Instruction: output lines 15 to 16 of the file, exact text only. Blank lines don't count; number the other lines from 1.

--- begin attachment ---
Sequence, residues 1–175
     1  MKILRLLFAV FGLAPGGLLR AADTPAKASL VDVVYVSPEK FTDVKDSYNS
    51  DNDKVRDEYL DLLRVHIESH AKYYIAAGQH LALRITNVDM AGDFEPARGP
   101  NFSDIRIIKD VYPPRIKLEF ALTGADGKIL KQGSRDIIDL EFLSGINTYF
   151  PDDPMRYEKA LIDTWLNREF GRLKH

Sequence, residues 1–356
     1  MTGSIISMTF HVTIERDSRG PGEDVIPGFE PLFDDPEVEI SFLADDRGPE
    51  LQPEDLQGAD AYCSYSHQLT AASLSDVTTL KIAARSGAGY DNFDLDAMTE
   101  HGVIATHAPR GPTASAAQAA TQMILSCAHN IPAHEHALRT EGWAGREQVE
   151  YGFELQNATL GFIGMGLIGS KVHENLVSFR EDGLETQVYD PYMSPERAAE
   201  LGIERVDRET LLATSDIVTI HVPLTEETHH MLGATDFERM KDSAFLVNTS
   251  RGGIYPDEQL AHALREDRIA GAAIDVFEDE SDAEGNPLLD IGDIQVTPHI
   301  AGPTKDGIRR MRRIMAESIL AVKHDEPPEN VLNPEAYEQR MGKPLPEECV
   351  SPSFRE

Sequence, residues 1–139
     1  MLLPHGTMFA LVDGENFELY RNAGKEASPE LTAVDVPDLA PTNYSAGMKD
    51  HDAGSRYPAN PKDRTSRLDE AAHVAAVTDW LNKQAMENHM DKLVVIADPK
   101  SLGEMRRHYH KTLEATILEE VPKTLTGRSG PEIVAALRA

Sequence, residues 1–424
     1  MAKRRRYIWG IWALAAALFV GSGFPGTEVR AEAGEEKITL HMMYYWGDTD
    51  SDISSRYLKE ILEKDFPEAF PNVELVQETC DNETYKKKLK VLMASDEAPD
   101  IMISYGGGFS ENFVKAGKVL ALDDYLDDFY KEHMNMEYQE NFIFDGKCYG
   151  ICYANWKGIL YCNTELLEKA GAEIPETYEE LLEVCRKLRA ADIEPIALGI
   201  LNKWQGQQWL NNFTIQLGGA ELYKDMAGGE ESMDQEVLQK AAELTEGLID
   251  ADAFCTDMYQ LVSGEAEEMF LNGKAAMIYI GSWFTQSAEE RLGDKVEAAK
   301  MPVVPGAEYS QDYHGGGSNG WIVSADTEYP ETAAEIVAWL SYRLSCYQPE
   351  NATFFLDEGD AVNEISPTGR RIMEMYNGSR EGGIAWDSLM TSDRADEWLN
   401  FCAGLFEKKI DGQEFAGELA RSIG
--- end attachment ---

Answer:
Sequence, residues 1–139
     1  MLLPHGTMFA LVDGENFELY RNAGKEASPE LTAVDVPDLA PTNYSAGMKD